$$\begin{aligned} type(b_j) = (type(a_i), BO(b_j), type(a_{i+1})) \end{aligned}$$

Note that if \(type(a_i) \ne type(a_{i+1})\), the bond is directed. In fact, several published methods use some kind of extended bond typing scheme (eMolFrag [51], CReM [19, 25]).

Tagging cleaved bonds Once some bonds have been selected for cleavage, this can be encoded into a valid SMILES string where unspecified atoms (the ‘*’ character in SMILES notation) are introduced and isotope numbers are used to encode the atom types of the atoms surrounding a cleaved bond. For example, tagging a cleaved bond in the SMILES for ethanol (’OCC’) would give: ‘O[2*][1*]CC’. Where isotope numbers one and two are indexes into an atom type dictionary (a mapping from integer to atom type). In the following, if a fragment is a prefix of a SMILES string, it is called a “seed fragment”. All other fragments are called “branch fragments”.

Fig. 2
figure 2

Two fragmentations of folic acid (vitamin B\(_9\)). Under each mixture of fragments, the (not canonical but randomized) SMILES and corresponding DeepSMILES-without-ring-openings are shown. Tagged cleaved bonds (in black) are the wildcard atom pairs [x*][y*] with the isotope numbers x and y encoding atom types directly to the left and right of the cleaved bond. Colors indicate the seed fragment (in green), the first branch fragment (in orange) and the second branch fragment (in purple)

Fig. 3
figure 3

First line: SMILES string with tagged cleaved bonds. Second line: SMILES branch nesting depth of each character from the first line (0: not in a branch; 1: inside a branch; 2: inside a branch inside a branch, etc). Third line: S characters mark the “seed fragment”. T (resp. U) characters mark the first (resp. second) tagged cleaved bond. B marks the only heavy atom of the first “branch fragment”. C characters mark the atoms and bonds of the second “branch fragment”. The second “branch fragment” starts at SMILES branch nesting depth 2. This fragment cannot continue once the nesting depth becomes lower. The corresponding fragmented molecule can be seen on Fig. 2 right

Fragmenting molecules with tagged cleaved bonds A SMILES string with tagged cleaved bonds can be transformed into a mixture of fragments. This is not strictly necessary, as long as the molecular fragment assembler can recognize tagged cleaved bonds. However, this is useful to visualize the fragments with a 2D molecular viewer. The SMILES ‘O[2*][1*]CC’ becomes ‘O[2*][1*].[2*][1*]CC’. When extracting a fragment from a SMILES with tagged cleaved bonds, care must be taken to not extend the fragment past (or shorter than) its SMILES branch nesting depth. i.e. the nesting of parentheses pairs inside the SMILES string must be taken into account (Fig. 3).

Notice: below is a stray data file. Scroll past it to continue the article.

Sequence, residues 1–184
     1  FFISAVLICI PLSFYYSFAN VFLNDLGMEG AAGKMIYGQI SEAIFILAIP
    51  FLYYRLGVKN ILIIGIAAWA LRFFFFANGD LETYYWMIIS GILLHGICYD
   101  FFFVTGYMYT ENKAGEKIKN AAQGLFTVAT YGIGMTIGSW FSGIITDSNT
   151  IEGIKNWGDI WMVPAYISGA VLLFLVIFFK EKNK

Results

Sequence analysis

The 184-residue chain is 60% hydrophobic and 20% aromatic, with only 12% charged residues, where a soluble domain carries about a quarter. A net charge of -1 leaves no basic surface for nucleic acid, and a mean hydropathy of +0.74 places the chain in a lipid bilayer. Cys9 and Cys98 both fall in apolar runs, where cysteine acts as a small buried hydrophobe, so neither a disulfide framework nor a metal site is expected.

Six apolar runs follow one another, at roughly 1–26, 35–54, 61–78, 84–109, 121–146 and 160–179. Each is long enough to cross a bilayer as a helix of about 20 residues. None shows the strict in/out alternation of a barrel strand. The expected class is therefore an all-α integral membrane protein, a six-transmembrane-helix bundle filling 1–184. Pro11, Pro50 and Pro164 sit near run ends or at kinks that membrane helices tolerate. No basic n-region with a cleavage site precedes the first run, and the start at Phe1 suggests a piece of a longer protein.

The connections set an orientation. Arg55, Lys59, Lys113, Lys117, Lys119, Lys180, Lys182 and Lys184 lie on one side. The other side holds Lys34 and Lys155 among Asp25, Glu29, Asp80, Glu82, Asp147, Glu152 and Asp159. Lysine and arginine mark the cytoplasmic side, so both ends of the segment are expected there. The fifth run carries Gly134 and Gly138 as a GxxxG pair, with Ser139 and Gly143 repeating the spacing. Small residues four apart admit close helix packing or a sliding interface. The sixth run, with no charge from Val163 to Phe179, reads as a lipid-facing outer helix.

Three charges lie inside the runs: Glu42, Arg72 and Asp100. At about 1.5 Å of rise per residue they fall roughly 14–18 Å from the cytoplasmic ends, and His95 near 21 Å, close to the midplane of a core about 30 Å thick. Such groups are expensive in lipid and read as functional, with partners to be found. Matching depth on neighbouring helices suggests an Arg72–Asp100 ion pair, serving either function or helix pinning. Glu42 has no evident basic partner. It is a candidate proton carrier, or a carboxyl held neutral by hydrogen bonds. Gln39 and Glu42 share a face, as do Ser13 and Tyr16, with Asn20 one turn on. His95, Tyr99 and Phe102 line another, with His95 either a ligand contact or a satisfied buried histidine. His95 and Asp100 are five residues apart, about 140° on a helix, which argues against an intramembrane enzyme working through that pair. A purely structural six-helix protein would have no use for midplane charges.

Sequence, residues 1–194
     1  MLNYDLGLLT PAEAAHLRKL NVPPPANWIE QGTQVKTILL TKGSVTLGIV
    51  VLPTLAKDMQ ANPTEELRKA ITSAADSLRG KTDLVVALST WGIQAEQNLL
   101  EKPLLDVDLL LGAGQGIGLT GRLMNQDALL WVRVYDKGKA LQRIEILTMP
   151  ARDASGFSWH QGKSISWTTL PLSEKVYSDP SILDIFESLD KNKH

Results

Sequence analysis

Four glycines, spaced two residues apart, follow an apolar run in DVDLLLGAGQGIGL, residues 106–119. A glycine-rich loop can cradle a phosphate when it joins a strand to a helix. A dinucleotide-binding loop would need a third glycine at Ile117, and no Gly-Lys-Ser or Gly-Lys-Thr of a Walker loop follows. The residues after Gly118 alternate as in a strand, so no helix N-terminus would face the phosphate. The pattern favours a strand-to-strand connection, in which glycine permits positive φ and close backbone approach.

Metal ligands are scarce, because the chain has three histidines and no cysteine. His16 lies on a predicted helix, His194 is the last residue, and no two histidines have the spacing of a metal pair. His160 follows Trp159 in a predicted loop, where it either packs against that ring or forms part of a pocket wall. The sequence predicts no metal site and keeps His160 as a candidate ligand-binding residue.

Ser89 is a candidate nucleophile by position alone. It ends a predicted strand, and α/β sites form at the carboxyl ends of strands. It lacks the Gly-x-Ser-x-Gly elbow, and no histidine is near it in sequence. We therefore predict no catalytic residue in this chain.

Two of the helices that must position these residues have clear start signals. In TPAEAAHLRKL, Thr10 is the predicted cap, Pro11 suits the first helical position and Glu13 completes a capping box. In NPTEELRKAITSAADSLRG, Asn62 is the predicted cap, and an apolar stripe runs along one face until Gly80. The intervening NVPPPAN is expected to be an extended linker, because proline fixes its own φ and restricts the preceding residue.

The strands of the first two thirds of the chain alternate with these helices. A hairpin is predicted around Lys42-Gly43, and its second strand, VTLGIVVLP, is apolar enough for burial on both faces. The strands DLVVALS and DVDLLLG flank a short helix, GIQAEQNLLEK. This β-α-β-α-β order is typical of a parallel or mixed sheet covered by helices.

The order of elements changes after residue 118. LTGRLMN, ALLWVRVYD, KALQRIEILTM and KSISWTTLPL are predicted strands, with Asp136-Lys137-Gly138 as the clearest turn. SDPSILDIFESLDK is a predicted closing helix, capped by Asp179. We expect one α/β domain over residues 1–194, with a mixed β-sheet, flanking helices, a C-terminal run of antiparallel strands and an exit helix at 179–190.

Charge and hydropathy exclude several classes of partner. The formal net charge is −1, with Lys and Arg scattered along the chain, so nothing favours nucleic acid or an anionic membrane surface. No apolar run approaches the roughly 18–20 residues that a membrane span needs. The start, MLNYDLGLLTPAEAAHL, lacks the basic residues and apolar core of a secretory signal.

Indexing molecules with tagged cleaved bonds For fast molecular generation, it is necessary to index all the fragmented molecules first. All seed fragments are stored into an array. Each branch fragment is stored into a hash-table of arrays where the prefix tagged cleaved bond is used as a key and the remaining of the fragment is appended to the array of all values for this key. For a fragment with several cleaved bonds, the first cleaved bond appearing in the fragment’s SMILES (when reading it from left to right) will determine under which cleaved bond type this fragment is registered. Our method uses randomized SMILES rather than canonical ones, in order to avoid any bias that could be introduced by the canonicalization procedure.

Generating molecules In essence, some kind of Markov sampling of the previously created data structure is performed, until the generated string has no tagged cleaved bond left. The algorithm is: (i) a seed fragment is uniformly drawn from the array of seed fragments. (ii) as long as the string under construction contains tagged cleaved bonds, each of them is deleted and replaced by a uniformly drawn fragment from the array of fragments with the tagged cleaved bond as the key. When generating the right flavor of DeepSMILES, such a fragment assembly algorithm can be performed using almost exclusively string operations. However, when generating SMILES, an extra step renumbering ring opening and closure numbers is required, to avoid number collisions between rings from different fragments.

Software implementation Typing atoms and bonds, selecting and tagging cleaved bonds is done by a Python script using RDKit [38]. For performance and correctness reasons [52], indexing fragments and fragment assembly is done by an OCaml [53] program reading SMILES with tagged cleaved bonds. The program is named FASMIFRA for “Fast Assembly of SMILES Fragments”.


To assess the model training speed and molecular generation frequency of the proposed method, the 1M GDB-13 molecules sample [44] from Arús-Pous [8] was used and 2B molecules were generated (same protocol). The training set was fragmented (with a fragment molecular weight decreased from 150 to 50Da, because GDB-13 molecules are quite small) , then molecules were generated from those fragments (Fig. 4). Tests were run using a single core of an Intel Core i7 CPU @ 2.7GHz, with 12 cores and 16GB or RAM, under Ubuntu Linux 20.04 LTS.